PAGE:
UNITED STATES V. BLACKMAN.
UNITED STATES V. BLACKMAN. 1
(Circuit Court, E. D. Missouri.
CRIMES-POSTAL SEHVICE-DETAINnlG AND OPENING lIIERCUANDrSE-REV. ST.
one in the employ of any department of the postal service to unlawfully detain, delay, or open any mati able packet of merchandise which has come into his possession, and which is intendcd to be conveyed by mail.
§ 3891. It is a criminal offense, under section 3891 of the Revised Statutes, for any
Indictment under Rev. St. § 3891. William H. Bliss, U. S. Atty., for the Government. lIIason G. Smith, for defendant. life CHARY, J. The indictment charges that the defendant, "on this twenty-second day of March, in the year of our Lord one thousand eight hundred and eighty-three, at said district, being then and there a person employed in a certain department of the postal service of the United States, to-wit, a postal clerk in the railway mail service of the United States, unlawfully did detain, delay, and open a certain pacl.et then and there containing tea, which said packet had then and there come into the possession of him, the said Blackman, and which said packet was then and there intended to be conveyed by mail, contrary b the form of the statute," etc. The question to be determined is whether there is any statute of the United States which provides for the punishment of the off£llse here charged. Section 3891 of the Revised Statutes provides for the punishment of anyone employed ill any department of the postal service "who shall unlawfully detain, delay, or open any letter, packet, bag, or mail of letters intrusted to him or which has come into his possession, and which was intended to be carried by mail," etc. 'rhe language is taken literally from the act of June 8, 1872, § 146, (17 St. 202,) and it was there copied from the act of 3, 1825, § 21, (4 St. 107.) It is insisted that the offense here described is that of detaining, delaying, or opening a packet of letters, and that the statute does not provide for the case of the detention or opening of a package or packet of merchandise sent through the mails. In support of this view it is said that at the time the original act was passed (1825) there was no law authorizing the sending of merchandise by mail, and that, therefore, congress could not have intended to provide for such a case. There would certainly be great force in this argnment if the act of 1825 had remained in force and the indictment had been found under its provi·sions. But that act is expresly repealed by the act of 1872, and the latter is enacted as a new, independent, and original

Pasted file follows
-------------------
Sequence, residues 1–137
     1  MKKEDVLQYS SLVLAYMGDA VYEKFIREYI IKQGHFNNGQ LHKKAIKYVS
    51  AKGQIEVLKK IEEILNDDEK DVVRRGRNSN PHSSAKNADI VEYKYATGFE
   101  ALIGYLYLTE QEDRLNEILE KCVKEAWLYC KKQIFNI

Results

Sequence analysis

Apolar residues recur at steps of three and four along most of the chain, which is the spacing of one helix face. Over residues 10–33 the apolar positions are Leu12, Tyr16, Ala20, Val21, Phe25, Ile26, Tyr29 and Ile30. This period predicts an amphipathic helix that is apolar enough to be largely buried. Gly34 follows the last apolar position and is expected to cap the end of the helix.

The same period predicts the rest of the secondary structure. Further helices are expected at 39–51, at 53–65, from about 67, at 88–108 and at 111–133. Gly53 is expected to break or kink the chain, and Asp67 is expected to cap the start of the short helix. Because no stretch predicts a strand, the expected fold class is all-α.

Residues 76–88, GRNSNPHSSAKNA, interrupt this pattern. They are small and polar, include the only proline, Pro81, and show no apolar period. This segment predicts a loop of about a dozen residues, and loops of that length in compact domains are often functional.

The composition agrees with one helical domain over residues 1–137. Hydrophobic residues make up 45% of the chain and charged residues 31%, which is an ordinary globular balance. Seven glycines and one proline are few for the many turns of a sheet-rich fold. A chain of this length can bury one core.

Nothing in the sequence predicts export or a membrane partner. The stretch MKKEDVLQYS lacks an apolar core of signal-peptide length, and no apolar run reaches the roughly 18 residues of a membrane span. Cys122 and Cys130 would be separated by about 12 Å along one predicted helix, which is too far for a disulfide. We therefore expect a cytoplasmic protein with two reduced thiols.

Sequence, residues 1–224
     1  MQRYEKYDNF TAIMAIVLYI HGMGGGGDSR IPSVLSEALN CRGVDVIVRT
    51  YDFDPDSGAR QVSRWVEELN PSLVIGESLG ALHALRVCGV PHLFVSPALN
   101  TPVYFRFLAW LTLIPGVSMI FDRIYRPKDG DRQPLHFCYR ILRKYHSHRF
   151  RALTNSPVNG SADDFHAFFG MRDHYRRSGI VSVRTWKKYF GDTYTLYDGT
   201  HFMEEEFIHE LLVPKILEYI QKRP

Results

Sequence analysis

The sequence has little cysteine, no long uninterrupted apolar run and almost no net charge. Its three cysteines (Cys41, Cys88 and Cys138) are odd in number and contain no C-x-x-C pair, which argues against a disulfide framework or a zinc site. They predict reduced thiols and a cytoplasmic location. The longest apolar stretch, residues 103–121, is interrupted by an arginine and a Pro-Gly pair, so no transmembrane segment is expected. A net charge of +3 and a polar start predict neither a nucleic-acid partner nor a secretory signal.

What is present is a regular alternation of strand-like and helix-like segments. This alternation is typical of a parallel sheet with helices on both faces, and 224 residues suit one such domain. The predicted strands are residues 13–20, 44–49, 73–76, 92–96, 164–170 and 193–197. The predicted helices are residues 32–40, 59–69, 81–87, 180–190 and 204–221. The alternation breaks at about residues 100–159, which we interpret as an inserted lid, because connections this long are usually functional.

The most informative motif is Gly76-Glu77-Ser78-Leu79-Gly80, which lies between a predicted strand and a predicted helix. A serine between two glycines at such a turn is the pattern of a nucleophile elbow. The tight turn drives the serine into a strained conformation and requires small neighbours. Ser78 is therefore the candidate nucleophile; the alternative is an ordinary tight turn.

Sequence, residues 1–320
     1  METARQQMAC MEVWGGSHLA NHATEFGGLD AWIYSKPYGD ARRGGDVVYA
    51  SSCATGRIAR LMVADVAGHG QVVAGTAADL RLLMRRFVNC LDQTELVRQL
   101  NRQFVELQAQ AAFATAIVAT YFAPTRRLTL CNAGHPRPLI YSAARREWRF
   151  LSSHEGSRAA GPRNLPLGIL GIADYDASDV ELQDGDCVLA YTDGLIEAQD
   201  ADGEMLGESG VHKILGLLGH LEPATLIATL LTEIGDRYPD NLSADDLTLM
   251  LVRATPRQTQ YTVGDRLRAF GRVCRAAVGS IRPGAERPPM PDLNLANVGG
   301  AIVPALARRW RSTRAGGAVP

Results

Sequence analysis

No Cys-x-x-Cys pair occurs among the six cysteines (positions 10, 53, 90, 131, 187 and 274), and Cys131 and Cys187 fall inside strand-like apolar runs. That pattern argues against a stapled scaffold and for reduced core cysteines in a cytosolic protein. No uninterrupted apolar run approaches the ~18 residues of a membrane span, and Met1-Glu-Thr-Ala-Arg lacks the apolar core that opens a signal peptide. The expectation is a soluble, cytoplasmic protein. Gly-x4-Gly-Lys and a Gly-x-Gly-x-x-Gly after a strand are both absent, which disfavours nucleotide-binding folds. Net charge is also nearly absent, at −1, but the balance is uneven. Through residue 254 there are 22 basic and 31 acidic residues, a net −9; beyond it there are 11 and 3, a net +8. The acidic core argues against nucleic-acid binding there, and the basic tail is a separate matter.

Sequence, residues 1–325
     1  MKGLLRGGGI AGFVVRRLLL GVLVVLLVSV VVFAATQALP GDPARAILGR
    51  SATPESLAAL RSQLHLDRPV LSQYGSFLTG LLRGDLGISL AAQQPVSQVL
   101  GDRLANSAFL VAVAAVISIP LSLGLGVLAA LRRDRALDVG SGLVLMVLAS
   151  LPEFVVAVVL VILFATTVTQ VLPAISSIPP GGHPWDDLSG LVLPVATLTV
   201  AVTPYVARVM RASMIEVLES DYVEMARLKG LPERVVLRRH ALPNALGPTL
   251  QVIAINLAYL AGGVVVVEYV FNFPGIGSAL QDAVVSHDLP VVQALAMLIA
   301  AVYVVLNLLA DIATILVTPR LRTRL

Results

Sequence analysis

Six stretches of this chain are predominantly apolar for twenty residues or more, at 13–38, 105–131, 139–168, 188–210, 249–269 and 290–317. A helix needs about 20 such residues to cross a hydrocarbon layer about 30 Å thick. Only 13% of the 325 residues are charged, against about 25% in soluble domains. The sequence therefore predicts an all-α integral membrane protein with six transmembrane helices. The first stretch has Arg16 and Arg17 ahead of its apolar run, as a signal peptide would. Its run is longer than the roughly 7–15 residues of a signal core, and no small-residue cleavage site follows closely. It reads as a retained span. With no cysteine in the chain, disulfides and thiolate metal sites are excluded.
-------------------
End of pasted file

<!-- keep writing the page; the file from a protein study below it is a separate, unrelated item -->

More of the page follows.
Reported by Benj. F. Rex, Esq., of the St. Louis bar.
statute. 1 nm toerefore of the opinion that the meaning of the words "letter, packet, bag, or. mail of letters" must be determined by reference to the provisions of the law defining mailable matters which was in force when the latter act was passed-by section 130 of the act of 1872. Mailable matter is divided into three classes, and in the third class is included "samples of merchandise not exceeding twelve ounces in weight." This definition of mailable matter is found in the same act· which pllnishes the detention or opening of "any letter, packet, bag, or mail of letters," and I am therefore of the opinion that the constl'llction contended for by defendant's counsel is too narrow and technical. If the statute had provided for mailing only letters, then we should have understood that the packet referred to was a packet of letters; bnt since the statute authorized the mailing of packets of merchandise, I hold that such packets were likewise included in the criminal provision under consideration. To hold otherwise would be to assume that congress intended to provide for mailing packets both of letters and of merchandise, but did not intend to punish employes for tampering with the latter. The more reasonable construction is that the word "packet" in the statute in question means any packet which is mailable. The iudgment of the district court is accordingly affirmed.
Circuit Court, S. D. Nelo York